Do You Really Need a Multivitamin Supplement?
We're all getting older, but that doesn't mean we have to
age prematurely or "feel" older. Who wouldn't like
to be healthier, feel better or look younger? The rapid growth
of this free SixWise.com e-newsletter is one answer to that
question, as we provide expert insights in all six practical
areas of true whole health:
Physical Health, which includes the common areas
that many people currently think of when they think of
"getting healthy:" nutrition, exercise and emotional
Personal Safety, which is key to preventive health ...
you don't want to invest your time and efforts in eating
right and exercising only to get injured or worse by some
accident or crime that could have been avoided
Financial Health: Stress is a leading cause of
disease, and financial distress is the leading cause of
stress. Though many people don't think of it as such yet,
smart money management is key to health.
Relationship Health: We are social beings, and
quite simply the relationships we have with loved ones,
friends and peers are absolutely crucial to the length
and quality of our lives.
Career Health: Most people spend a significant
part of each day - and their lives - invested in their
careers. The level of fulfillment, stress, etc. in your
career is obviously going to have a direct impact on your
health, your immunity to disease, etc.
Home/Environmental Health: What goes into your
body has the most immediate impact on your health, and
NO "food" goes into your body more than the
air you breathe (and second to that, the water you drink.)
Pollution - especially inside homes and buildings - is
one of the fastest growing and most threatening health
issues facing all of us ... especially because it doesn't
get the mass media spotlight that diet does!
Pervading all of these practical areas is the necessity of
spiritual health, which you'll also find articles on
in the SixWise.com e-newletter. But while
we have experienced strong growth providing insights and proven
tools and solutions in all of these areas, one area in the
"healthcare" continues to experience far stronger
growth ... people's desire to take the easy road and "pop
pills" in the hope of overcoming disease and achieving
This is certainly true with pharmaceuticals, which as readers
of this newsletter are well aware are mostly mere treatments
that far too many have been conned (via over $3 billion in
consumer advertising, for example) into perceiving as "cures."
Dietary supplements bring in $6.6 billion every year
in the United States. Take the quiz below to see if
a multivitamin supplement could benefit you.
But it is also the case with most supplements, which many
people have dangerously made the "heart" of their
preventive healthcare regime while ignoring the more key measures
in the areas noted above (and covered in this newsletter).
In short, many people seem to be forgetting the definition
of "supplement," and are using them as their "core"
instead. Even worse, they are doing so blindly, without knowing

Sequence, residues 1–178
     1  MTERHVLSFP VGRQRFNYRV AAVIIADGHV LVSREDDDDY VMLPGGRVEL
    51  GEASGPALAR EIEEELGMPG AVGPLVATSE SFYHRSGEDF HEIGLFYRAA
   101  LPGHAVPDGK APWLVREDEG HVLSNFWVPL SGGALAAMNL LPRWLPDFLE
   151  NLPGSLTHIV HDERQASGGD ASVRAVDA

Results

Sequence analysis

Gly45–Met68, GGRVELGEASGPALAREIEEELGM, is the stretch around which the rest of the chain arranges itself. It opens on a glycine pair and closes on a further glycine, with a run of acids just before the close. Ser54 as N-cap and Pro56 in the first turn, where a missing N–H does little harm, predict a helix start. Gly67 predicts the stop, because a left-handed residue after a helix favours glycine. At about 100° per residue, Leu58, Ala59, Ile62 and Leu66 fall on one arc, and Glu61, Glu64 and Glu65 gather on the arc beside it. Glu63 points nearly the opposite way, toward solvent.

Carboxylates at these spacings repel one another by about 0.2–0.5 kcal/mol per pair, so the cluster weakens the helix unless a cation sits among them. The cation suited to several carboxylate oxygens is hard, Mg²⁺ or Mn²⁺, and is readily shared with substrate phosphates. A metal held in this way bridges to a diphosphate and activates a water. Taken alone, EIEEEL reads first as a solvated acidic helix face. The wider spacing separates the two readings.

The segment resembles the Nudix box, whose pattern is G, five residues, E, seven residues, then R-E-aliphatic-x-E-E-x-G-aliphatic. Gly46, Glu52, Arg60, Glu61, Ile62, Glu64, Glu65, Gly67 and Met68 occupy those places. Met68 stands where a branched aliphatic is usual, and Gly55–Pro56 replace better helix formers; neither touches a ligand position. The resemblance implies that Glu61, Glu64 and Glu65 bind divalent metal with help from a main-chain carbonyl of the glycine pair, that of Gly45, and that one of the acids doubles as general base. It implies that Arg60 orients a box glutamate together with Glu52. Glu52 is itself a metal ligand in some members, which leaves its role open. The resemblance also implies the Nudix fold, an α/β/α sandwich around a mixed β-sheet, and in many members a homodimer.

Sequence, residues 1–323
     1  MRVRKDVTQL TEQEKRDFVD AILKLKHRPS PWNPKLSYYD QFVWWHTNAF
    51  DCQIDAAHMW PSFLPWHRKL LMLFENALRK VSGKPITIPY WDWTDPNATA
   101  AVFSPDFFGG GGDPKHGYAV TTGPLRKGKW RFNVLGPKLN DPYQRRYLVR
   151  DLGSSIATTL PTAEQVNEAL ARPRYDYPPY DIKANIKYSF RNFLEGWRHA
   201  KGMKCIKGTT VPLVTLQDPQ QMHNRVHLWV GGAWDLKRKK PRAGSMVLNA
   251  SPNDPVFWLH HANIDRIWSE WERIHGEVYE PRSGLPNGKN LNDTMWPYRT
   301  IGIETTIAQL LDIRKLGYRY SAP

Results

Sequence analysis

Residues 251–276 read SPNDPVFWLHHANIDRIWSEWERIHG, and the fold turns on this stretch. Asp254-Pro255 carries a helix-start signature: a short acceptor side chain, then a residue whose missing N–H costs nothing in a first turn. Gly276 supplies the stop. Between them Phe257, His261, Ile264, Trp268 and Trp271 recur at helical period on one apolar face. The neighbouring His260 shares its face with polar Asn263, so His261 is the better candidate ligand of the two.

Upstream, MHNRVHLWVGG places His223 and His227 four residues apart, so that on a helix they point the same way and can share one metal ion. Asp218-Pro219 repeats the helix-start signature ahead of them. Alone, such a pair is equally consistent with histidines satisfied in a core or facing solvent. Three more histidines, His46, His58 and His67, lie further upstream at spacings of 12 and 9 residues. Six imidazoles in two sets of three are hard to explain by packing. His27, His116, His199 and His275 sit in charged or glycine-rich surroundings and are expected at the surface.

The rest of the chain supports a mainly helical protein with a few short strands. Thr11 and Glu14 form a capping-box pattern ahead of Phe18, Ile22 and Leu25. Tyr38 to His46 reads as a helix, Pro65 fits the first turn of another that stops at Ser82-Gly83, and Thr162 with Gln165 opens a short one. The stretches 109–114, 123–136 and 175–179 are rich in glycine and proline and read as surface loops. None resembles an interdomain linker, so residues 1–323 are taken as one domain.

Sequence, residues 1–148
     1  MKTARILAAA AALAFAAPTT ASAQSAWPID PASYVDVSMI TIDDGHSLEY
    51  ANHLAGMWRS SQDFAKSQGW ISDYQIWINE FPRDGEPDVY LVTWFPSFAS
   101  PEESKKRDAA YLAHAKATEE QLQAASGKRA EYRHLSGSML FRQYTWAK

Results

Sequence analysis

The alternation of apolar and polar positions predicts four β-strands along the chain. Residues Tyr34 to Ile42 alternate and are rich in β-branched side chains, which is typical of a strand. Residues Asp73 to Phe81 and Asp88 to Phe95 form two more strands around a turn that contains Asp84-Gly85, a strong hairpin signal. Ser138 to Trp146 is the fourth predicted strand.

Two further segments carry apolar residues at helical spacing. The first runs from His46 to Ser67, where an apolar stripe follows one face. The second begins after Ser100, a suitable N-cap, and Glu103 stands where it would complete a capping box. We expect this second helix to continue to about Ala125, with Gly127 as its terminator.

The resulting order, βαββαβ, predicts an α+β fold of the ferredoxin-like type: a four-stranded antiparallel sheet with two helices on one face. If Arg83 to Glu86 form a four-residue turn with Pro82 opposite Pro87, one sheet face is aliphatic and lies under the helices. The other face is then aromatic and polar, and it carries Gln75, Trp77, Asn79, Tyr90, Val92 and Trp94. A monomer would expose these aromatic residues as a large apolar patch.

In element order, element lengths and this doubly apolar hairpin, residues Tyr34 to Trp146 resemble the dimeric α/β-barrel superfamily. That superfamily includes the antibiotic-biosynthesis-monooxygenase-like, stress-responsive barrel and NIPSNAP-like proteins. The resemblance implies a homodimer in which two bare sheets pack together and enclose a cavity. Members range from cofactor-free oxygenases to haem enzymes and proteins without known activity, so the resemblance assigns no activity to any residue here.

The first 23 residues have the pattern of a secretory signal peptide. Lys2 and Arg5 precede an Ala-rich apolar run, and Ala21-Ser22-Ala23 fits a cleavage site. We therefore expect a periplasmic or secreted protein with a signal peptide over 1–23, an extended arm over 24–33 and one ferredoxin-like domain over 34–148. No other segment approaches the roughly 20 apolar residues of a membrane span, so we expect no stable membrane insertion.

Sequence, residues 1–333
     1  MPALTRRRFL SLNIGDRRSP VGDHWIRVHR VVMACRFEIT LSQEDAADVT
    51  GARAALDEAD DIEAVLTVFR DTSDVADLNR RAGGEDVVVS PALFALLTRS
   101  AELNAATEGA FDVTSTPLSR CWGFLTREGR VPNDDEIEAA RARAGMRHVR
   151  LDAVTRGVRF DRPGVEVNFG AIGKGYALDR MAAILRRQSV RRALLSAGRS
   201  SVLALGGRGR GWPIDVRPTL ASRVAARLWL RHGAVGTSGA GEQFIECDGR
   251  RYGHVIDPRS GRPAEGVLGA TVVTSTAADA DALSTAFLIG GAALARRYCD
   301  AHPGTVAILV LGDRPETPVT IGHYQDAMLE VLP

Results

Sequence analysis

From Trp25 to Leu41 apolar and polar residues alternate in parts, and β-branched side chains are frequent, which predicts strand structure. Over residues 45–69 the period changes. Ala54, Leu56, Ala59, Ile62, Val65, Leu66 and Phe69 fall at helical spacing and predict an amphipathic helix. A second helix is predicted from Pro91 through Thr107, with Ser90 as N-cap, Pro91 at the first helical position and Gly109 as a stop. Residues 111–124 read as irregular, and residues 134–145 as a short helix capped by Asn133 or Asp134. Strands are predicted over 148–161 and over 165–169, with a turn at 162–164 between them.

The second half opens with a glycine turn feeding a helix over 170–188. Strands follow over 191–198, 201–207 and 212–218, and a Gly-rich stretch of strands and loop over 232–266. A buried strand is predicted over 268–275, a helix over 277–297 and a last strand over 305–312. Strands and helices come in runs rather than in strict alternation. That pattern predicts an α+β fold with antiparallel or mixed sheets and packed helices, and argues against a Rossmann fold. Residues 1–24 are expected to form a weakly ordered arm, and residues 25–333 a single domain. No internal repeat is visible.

which brands truly live up to their claims and which are worthless
-- and sadly, many brands are worthless, or close to it, as
unscrupulous manufacturers know the supplement industry is
a cash windfall right now.
(It is one of our primary missions to, via analysis through
our wide range of expert contacts in business, government
and academia, offer you only the best in all products/services
that can truly help your safety and wellness bottom line,
including supplements ... more on that below).
Right now, dietary supplements in the United States alone
are a $6.6 billion industry, and it continues to grow rapidly.
The number one supplement? By a long-shot, multivitamins.
Which of course begs the question ...
Are Multivitamins Worth It?
Are multivitamins, those supplements that claim to include
most every nutrient in a convenient, easy-to-swallow pill,
really necessary? Says Lynn Laboranti, a registered dietitian
and continuing education specialist, the answer is likely
YES. But as you'll read the quality of the multivitamin makes
all the difference.
"Our bodies cannot absorb all
the nutrients found in the foods we eat, so a daily multivitamin
is much like a nutritional insurance policy; it ensures
the recommended daily allowance (RDA) for specific vitamins
and minerals are obtained. This is important because according
to the most recent Healthy Eating Index survey conducted by
the USDA, most Americans do not eat a healthy balanced diet
on a daily basis," she says.
And according to the National Institutes of Health, "Multivitamins
are prescribed for patients who need extra vitamins, who cannot
eat enough food to obtain the required vitamins, or who cannot
receive the full benefit of the vitamins contained in the
food they eat."
So Who Needs These "Extra" Vitamins?
Even if you eat plenty of calories, if you're not eating
fruits and vegetables then your body may be lacking
Millions of Americans who eat the Standard American Diet
(SAD) are not getting the vitamins and minerals they need
to stay healthy. They're certainly taking in enough calories-that's
evidenced by the obesity epidemic facing the nation-but it's
the quality of those calories that are important. You can